jot - print sequential or random data
jot [ options ] [ reps [ begin [ end [ s ] ] ] ]
Jot is used to print out increasing, decreasing, random, or redundant
data, usually numbers, one per line. The options are understood as
-r Generate random data instead of sequential data, the default.
Just print word repetitively.
Print word with the generated data appended to it. Octal, hexa‐
decimal, exponential, ASCII, zero padded, and right-adjusted
representations are possible by using the appropriate printf(3)
conversion specification inside word, in which case the data are
inserted rather than appended.
-c This is an abbreviation for -w %c.
Print data separated by string. Normally, newlines separate
-n Do not print the final newline normally appended to the output.
Print only as many digits or characters of the data as indicated
by the integer precision. In the absence of -p, the precision
is the greater of the precisions of begin and end. The -p
option is overridden by whatever appears in a printf(3) conver‐
sion following -w.
The last four arguments indicate, respectively, the number of data, the
lower bound, the upper bound, and the step size or, for random data,
the seed. While at least one of them must appear, any of the other
three may be omitted, and will be considered as such if given as -.
Any three of these arguments determines the fourth. If four are speci‐
fied and the given and computed values of reps conflict, the lower
value is used. If fewer than three are specified, defaults are
assigned left to right, except for s, which assumes its default unless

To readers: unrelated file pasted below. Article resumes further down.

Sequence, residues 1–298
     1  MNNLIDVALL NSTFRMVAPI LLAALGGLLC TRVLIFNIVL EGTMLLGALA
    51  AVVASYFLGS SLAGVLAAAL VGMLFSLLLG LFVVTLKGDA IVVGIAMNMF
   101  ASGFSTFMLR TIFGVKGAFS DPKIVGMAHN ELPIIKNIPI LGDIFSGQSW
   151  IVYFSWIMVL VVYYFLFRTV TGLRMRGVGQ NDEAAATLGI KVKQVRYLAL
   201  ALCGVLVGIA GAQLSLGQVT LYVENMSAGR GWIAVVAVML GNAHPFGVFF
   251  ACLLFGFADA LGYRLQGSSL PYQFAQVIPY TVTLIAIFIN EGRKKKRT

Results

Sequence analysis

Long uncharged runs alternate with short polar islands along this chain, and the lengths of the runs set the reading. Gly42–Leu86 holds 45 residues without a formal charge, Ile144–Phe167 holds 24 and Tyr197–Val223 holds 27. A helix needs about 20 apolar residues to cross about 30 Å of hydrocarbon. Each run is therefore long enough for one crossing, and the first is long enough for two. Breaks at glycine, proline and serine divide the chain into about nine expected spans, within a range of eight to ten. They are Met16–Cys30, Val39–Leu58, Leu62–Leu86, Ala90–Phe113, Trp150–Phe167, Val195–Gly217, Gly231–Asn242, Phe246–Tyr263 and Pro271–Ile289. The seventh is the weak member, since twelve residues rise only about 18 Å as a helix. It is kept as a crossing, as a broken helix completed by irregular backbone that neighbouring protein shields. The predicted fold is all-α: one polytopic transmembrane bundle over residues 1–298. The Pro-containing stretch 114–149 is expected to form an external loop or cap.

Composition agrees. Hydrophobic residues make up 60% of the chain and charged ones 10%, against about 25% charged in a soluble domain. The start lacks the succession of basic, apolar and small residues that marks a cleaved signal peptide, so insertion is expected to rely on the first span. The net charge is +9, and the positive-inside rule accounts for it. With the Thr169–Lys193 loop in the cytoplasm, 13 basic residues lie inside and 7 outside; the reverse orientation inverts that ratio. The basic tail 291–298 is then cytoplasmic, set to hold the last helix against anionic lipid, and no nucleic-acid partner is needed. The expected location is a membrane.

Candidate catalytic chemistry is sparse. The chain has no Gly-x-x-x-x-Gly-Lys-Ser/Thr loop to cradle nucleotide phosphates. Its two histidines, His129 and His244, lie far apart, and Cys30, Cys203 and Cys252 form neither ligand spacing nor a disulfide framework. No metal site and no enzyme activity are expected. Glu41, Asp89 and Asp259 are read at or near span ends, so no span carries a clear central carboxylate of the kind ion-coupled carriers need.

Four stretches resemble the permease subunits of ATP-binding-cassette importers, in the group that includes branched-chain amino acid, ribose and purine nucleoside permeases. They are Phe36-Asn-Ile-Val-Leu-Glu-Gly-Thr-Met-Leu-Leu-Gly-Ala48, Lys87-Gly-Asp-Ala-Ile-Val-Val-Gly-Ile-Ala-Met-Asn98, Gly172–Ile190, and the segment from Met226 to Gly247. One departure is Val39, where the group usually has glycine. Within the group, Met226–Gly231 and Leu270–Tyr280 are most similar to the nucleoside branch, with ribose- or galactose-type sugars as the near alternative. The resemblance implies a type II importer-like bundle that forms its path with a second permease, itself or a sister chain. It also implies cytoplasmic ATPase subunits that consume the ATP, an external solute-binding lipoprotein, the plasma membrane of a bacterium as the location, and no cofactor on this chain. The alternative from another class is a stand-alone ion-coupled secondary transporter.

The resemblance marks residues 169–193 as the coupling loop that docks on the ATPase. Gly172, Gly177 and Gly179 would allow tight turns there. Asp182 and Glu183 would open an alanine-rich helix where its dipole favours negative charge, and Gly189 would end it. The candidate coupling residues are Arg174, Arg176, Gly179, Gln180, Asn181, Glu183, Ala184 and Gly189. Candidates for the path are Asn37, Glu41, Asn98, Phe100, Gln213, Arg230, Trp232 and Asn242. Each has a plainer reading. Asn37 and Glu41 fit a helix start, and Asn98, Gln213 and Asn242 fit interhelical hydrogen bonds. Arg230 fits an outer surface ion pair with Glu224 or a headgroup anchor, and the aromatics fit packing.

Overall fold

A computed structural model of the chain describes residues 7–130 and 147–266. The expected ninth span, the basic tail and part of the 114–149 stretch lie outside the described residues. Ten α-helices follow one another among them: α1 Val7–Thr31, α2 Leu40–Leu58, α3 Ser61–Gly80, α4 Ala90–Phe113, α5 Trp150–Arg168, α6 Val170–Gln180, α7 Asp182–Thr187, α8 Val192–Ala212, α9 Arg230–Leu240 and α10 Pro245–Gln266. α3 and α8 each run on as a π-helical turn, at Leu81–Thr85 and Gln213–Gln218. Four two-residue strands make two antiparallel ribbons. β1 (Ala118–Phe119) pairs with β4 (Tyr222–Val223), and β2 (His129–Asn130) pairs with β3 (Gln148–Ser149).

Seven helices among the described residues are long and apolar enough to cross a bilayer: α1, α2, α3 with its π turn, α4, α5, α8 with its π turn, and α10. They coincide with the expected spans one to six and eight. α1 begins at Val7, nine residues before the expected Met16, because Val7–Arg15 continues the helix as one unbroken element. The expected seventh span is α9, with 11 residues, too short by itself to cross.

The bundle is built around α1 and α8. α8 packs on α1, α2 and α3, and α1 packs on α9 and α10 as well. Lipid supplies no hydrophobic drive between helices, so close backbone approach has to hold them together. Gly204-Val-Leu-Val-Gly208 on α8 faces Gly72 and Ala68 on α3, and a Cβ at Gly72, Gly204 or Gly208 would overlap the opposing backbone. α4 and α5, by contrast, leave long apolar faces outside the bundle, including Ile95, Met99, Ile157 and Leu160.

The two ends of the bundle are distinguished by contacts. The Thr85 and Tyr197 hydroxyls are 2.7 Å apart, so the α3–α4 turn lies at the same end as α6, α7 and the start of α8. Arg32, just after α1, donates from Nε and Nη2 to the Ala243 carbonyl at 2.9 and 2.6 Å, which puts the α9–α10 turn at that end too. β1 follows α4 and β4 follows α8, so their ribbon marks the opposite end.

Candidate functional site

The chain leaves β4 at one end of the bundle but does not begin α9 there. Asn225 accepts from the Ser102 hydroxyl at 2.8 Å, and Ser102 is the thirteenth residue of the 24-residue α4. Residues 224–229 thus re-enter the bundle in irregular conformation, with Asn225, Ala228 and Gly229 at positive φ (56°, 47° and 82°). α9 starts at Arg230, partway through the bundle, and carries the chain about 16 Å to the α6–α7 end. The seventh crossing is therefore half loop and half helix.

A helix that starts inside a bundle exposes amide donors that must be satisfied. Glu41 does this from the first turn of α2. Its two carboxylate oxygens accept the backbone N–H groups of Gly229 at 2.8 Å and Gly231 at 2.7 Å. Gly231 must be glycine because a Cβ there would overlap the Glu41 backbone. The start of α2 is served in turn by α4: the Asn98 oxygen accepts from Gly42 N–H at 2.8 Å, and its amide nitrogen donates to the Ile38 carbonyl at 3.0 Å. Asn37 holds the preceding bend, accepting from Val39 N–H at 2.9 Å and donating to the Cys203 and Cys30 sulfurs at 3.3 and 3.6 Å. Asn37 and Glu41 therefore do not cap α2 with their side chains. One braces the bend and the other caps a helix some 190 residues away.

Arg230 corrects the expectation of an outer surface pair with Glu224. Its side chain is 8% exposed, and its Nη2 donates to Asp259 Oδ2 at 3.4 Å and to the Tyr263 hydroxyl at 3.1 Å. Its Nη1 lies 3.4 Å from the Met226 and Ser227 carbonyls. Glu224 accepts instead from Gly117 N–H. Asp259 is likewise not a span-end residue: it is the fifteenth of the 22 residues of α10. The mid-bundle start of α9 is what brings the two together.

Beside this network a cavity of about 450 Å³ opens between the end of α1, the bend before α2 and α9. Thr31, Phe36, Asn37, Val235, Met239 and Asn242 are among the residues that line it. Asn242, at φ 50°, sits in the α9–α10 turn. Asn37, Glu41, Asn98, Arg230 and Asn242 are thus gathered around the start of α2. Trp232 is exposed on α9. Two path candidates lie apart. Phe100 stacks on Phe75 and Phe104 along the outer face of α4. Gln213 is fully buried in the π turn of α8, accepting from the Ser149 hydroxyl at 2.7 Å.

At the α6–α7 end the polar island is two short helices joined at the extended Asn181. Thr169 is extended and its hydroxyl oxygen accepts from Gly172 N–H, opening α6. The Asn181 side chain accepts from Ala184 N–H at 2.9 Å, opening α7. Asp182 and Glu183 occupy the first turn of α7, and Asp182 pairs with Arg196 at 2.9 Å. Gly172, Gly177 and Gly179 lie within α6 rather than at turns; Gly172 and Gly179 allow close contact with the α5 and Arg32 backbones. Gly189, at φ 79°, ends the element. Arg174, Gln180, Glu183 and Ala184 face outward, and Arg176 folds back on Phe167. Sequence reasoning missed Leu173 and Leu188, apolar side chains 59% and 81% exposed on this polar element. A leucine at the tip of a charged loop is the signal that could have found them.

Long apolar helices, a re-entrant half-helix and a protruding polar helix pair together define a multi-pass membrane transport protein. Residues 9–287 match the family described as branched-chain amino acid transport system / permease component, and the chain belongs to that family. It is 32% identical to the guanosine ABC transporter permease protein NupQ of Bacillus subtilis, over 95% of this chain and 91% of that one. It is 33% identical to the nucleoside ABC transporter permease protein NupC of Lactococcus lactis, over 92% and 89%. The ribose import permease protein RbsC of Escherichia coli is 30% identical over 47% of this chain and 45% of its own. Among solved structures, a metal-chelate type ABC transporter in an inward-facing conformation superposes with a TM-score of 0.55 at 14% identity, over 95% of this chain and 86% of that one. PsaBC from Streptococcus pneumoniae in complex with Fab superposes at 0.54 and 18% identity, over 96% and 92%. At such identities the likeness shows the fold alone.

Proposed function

both begin and end are given.
Defaults for the four arguments are, respectively, 100, 1, 100, and 1,
except that when random data are requested, s defaults to a seed
depending upon the time of day. Reps is expected to be an unsigned
integer, and if given as zero is taken to be infinite. Begin and end
may be given as real numbers or as characters representing the corre‐
sponding value in ASCII. The last argument must be a real number.
Random numbers are obtained through random(3). The name jot derives in
part from iota, a function in APL.
jot 21 -1 1.00
prints 21 evenly spaced numbers increasing from -1 to 1. The ASCII
character set is generated with
jot -c 128 0
and the strings xaa through xaz with
jot -w xa%c 26 a
while 20 random 8-letter strings are produced with
jot -r-c 160 a z | rs -g 0 8
Infinitely many yes's may be obtained through
jot -b yes 0
and thirty ed(1) substitution commands applying to lines 2, 7, 12, etc.
is the result of
jot -w %ds/old/new/ 30 2 - 5
The stuttering sequence 9, 9, 8, 8, 7, etc. can be produced by suitable
choice of precision and step size, as in
jot 0 9 - -.5
and a file containing exactly 1024 bytes is created with
jot -b x 512 > block
Finally, to set tabs four spaces apart starting from column 10 and end‐
ing in column 132, use
expand -`jot -s, - 10 132 4`
and to print all lines 80 characters or longer,
grep `jot -s "" -b . 80`
SEE ALSOed(1), expand(1), rs(1), yes(1), printf(3), random(3), expand(1)4th Berkeley Distribution June 6, 1993 JOT(1)